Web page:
“You are glad to go, Peter,” she said. “Go, then; take the boat, and leave me to my fate.”
“Not so, Melannie,” I answered. “I will take you with me, and restore you to your own people. It is not meet that a white girl, such as thou, should abide with savages.”
At these words Melannie recovered her gaiety.
“Let me go with thee, Peter,” she said, clapping her hands with pleasure. “It is all I ask. But if we would not be followed by war canoes, which could easily overtake us, we must use much cunning in the manner of our going.”
We then took counsel together, when Melannie advised that our best chance to escape would be at the time of the coming of the snake god. When the monster appeared, and for three days afterward, while it remained in the coral cave, the savages would be held to the spot by their traditions from which nothing would induce them to depart. We might then slip away unobserved, and be out of sight of land before the ceremonies in connexion with the sacrifice were over. This appearing to be our opportunity, we at once set about making preparations. From a stream near the cave I filled the boat’s water-tank, and we collected a quantity of coconuts, bananas, and other fruits, which we stowed on board; nor did I forget to take some of the largest gems from the treasure cave, which I stuffed into my belt with the others. The gold I did not touch. It was heavy to carry, and its transport might have caused suspicion. We also launched the boat, with some difficulty, into a natural boat harbour formed by a coral reef, so that no time might be lost in getting away. All being ready, we waited impatiently for the day upon which we had planned to set out upon our voyage.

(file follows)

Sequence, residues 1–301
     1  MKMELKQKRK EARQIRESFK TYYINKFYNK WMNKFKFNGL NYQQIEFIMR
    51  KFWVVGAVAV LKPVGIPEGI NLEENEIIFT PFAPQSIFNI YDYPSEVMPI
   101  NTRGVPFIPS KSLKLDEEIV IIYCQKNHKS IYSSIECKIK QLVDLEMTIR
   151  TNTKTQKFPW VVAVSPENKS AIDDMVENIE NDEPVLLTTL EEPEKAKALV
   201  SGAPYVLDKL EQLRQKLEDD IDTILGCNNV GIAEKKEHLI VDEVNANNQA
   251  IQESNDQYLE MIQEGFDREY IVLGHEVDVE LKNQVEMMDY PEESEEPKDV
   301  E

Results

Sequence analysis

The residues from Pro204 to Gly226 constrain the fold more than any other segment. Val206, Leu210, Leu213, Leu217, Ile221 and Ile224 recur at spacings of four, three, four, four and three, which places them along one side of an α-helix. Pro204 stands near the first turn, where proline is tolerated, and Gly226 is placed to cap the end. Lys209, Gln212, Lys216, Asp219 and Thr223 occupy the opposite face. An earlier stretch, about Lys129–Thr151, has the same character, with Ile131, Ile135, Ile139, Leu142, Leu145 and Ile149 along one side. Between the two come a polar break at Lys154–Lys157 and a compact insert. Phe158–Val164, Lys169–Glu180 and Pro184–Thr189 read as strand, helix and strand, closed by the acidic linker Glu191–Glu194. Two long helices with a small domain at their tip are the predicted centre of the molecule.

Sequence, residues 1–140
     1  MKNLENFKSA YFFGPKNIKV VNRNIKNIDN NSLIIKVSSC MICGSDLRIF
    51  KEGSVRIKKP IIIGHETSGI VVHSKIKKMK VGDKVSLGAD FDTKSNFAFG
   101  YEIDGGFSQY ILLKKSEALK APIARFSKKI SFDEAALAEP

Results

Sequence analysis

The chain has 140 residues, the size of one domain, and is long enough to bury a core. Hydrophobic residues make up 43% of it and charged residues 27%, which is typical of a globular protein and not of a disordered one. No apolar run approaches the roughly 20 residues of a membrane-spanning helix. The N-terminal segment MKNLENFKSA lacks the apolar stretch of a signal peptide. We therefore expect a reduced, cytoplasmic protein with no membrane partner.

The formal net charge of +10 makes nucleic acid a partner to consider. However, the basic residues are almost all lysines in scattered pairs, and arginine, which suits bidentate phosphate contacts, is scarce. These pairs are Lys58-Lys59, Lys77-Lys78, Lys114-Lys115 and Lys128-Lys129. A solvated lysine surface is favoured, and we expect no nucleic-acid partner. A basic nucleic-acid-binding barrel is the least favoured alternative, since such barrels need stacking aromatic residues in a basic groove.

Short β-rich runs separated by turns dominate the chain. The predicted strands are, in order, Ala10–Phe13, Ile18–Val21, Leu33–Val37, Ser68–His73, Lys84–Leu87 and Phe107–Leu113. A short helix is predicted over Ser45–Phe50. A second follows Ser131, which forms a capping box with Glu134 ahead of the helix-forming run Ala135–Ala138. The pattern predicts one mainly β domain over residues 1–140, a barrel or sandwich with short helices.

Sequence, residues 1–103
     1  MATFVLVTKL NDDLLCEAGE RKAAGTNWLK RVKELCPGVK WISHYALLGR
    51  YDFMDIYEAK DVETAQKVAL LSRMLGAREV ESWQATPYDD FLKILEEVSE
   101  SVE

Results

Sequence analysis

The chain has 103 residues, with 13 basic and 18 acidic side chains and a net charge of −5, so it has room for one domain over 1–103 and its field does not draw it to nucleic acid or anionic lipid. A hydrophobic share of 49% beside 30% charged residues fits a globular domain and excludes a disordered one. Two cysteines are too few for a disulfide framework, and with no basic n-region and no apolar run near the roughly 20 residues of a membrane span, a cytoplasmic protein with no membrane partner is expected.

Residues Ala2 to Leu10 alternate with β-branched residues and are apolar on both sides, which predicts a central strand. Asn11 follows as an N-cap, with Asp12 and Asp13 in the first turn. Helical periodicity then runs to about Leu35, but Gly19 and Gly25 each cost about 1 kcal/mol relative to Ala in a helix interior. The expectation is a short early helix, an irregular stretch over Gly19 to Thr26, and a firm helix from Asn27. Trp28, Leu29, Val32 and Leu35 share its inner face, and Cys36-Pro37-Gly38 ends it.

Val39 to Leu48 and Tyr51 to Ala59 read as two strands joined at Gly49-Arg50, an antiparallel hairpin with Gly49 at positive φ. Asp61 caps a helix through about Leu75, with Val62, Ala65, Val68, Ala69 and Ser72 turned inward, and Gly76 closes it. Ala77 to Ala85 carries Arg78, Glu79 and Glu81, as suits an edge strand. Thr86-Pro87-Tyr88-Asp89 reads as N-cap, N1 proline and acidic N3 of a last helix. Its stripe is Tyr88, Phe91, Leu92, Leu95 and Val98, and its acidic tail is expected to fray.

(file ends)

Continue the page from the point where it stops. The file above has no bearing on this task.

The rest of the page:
During this time I observed a change upon the mountain in the centre of the island. The smoke cloud, which always hovered over it, had increased until it hung like a funeral pall over the top of the volcano. Loud rumblings also were heard like distant thunder, while earth tremors were constantly felt. I mentioned these matters to Melannie, but she did not appear to attach any importance to them.
“The mountain was always like that,” she said. “Perhaps the evil spirits who live there are angry.” But I knew from my reading and experience that these signs and portents were such as heralded an eruption. In the excitement of leaving the island, however, I forgot my anxieties with regard to the volcano.
I now questioned Melannie with regard to the white stranger whose coming had saved me from being offered as a sacrifice to the snake god. At first she refused to tell me anything concerning him, but when I pressed her she conducted me to a cavern in which the captive was confined. The door of this dungeon was a swinging rock, which Melannie caused to open by some means of which she knew the secret, when the wretched man who was reserved for the sacrifice was seen crouching in darkness at the farther end of the